The Responsible Mind in South African Criminal Law – Book release

The Responsible Mind in South African Criminal Law – Book release
05 Nov 2018

South African criminal law has accepted that it is only fair to punish those who – if they do wrong – are responsible for doing wrong. Responsibility – that the accused must be blameworthy – finds expression in several specific requirements of South African criminal law: voluntariness, fault, and, in particular, capacity, into which the ‘insanity’ defence falls. The Responsible Mind in South African Criminal Law critically analyses these requirements, and includes an empirical component in this analysis.

The book also identifies and critically analyses the underlying model of responsibility adopted in our law and considers the alternatives. The conclusion from the empirical component and critical analysis is that the specific requirements are unclear and even incoherent, and that this is a function of the underlying model of responsibility, which identifies random capricious and arbitrary conduct as responsible conduct. Alternative models of responsibility are discussed, and a ‘compatibilist’ model of reason sensitivity is selected as a better foundation for criminal responsibility.

The Responsible Mind in South African Criminal Law discusses the implications of adopting this model for the various specific requirements of South African criminal law and proposes appropriate modifications. Ultimately a new model of criminal responsibility and a revised set of specific requirements are proposed, together with a proposed new statutory test for responsibility.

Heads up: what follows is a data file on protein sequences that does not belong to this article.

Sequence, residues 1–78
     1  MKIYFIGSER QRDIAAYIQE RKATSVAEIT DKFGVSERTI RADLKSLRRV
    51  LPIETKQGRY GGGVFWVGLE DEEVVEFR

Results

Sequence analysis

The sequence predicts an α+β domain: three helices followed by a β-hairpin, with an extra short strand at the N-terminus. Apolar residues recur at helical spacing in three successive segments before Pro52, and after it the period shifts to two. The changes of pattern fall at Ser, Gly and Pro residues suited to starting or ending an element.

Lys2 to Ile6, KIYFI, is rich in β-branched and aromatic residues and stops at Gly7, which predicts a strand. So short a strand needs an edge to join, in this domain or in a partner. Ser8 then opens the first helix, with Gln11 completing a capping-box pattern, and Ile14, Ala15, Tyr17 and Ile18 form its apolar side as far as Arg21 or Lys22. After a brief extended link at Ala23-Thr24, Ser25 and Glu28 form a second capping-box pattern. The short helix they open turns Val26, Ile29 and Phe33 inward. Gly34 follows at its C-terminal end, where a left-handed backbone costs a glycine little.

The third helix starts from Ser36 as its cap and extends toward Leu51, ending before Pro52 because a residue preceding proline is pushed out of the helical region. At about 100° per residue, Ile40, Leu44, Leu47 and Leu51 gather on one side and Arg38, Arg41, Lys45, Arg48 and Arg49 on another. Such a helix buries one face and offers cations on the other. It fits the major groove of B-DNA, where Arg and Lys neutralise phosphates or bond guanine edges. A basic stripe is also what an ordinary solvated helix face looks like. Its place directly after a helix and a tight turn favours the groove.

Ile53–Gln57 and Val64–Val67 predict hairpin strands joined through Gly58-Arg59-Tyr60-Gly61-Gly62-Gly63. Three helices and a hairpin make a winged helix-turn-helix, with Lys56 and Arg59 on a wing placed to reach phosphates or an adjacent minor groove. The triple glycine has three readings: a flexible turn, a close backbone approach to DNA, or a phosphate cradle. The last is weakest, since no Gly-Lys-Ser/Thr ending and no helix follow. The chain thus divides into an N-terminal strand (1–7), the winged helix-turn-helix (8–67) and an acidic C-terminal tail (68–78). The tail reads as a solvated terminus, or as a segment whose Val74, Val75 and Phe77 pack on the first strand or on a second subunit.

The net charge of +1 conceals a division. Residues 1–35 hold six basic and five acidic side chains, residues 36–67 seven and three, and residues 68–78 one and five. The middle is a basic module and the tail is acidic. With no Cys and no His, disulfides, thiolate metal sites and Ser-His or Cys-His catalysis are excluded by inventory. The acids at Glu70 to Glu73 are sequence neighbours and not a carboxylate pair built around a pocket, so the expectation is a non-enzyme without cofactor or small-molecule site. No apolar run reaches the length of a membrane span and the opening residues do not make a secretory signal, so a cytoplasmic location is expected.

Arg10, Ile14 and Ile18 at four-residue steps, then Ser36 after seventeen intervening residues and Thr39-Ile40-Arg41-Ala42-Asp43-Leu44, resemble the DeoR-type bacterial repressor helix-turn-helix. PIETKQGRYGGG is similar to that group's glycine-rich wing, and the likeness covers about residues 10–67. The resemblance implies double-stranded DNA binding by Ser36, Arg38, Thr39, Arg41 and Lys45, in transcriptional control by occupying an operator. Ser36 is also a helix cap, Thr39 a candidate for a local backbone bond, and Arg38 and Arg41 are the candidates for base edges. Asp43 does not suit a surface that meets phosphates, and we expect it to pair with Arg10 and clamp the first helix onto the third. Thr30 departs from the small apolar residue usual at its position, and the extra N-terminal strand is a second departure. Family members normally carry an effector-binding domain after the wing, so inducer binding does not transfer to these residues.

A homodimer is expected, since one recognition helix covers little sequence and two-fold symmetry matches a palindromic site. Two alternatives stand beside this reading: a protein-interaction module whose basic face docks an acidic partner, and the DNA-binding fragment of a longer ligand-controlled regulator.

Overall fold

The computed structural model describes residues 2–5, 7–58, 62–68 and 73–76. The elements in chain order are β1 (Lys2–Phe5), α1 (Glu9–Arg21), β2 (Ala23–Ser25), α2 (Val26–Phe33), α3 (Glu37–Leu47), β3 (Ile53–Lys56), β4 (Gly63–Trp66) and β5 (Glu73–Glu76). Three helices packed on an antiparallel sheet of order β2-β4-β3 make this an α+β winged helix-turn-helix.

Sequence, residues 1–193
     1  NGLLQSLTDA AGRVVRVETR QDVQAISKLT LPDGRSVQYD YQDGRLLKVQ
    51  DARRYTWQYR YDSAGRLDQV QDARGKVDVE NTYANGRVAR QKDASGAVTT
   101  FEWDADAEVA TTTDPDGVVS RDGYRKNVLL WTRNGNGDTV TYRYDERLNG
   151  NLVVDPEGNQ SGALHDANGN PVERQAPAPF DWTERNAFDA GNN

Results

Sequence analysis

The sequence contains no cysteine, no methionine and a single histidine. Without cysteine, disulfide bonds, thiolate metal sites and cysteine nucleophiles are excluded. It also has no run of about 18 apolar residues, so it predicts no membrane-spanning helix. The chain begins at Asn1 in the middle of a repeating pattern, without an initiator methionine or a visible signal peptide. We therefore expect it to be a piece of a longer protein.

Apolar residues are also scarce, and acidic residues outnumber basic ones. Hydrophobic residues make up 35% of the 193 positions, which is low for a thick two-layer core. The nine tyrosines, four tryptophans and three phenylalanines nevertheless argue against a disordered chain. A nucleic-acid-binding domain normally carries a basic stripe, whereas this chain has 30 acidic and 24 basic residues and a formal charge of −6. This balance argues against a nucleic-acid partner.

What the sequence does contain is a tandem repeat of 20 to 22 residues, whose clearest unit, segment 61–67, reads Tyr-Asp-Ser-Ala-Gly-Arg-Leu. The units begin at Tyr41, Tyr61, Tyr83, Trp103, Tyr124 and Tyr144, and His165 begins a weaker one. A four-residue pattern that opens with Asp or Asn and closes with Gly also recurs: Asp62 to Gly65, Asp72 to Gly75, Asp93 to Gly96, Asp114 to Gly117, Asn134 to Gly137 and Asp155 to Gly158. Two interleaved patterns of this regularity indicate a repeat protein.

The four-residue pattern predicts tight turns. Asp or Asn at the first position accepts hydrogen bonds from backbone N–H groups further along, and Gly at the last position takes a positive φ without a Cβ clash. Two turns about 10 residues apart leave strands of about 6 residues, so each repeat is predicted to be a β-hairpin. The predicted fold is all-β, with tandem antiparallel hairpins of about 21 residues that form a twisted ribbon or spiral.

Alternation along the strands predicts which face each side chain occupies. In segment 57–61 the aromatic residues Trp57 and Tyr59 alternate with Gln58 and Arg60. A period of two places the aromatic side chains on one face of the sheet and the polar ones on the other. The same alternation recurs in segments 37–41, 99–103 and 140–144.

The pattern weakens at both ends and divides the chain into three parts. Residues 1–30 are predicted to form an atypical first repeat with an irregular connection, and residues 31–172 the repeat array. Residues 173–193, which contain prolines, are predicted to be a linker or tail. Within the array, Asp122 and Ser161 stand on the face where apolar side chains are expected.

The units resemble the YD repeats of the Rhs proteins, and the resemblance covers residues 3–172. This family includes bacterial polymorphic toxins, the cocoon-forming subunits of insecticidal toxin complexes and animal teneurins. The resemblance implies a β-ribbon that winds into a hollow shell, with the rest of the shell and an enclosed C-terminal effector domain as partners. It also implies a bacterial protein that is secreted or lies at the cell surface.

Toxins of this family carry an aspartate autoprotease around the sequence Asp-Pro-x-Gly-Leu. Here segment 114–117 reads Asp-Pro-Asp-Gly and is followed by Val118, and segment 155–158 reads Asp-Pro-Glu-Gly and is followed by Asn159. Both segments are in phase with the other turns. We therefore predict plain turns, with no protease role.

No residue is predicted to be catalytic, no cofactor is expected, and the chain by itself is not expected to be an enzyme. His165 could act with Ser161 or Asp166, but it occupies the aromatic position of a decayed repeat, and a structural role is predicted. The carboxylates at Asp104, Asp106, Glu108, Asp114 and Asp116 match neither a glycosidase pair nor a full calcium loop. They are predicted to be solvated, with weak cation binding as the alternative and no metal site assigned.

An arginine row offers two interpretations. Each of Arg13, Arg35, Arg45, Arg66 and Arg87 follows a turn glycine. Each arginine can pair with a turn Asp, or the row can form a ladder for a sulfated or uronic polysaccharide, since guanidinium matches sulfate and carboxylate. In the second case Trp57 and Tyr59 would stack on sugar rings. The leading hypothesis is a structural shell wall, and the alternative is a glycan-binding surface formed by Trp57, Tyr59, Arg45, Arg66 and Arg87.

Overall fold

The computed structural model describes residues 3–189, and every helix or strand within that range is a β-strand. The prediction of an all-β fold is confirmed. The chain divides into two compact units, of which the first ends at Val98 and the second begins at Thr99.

Contents include:

  • Table of Cases
  • Part I: Introduction
    • Introduction
    • Responsibility
    • Criminal liability: General requirements
    • Unlawful conduct
    • Culpability
    • History and development
    • Expert opinion evidence and empirical research
    • A possible golden thread: Proper functioning
  • Part II: Criminal responsibility: The law as it is
    • South African criminal law of responsibility: conceptual framework
    • Capacity to appreciate the wrongfulness of one’s conduct
    • Capacity to conduct oneself in accordance with an appreciation of wrongfulness and voluntariness
    • Pathological non-responsibility
    • Non-pathological non-responsibility
  • Part III: The philosophy of responsibility
    • Philosophy of mind: responsibility
  • Part IV: Criminal responsibility—the law as it ought to be
    • Implications and recommendations
    • Conclusion
  • Appendices

Of interest to:

  • Legal academics
  • Legal practitioners
  • Forensic psychologists and psychiatrists

Contact Juta via the blue “Get in touch” button to order your copy or to ask for more information.

See also: Launching Juta’s Pharmapedia: A practical guide to pharmacy and health products regulation

(This article is provided for informational purposes only and not for the purpose of providing legal advice. For more information on the topic, please contact the author/s or the relevant provider.)
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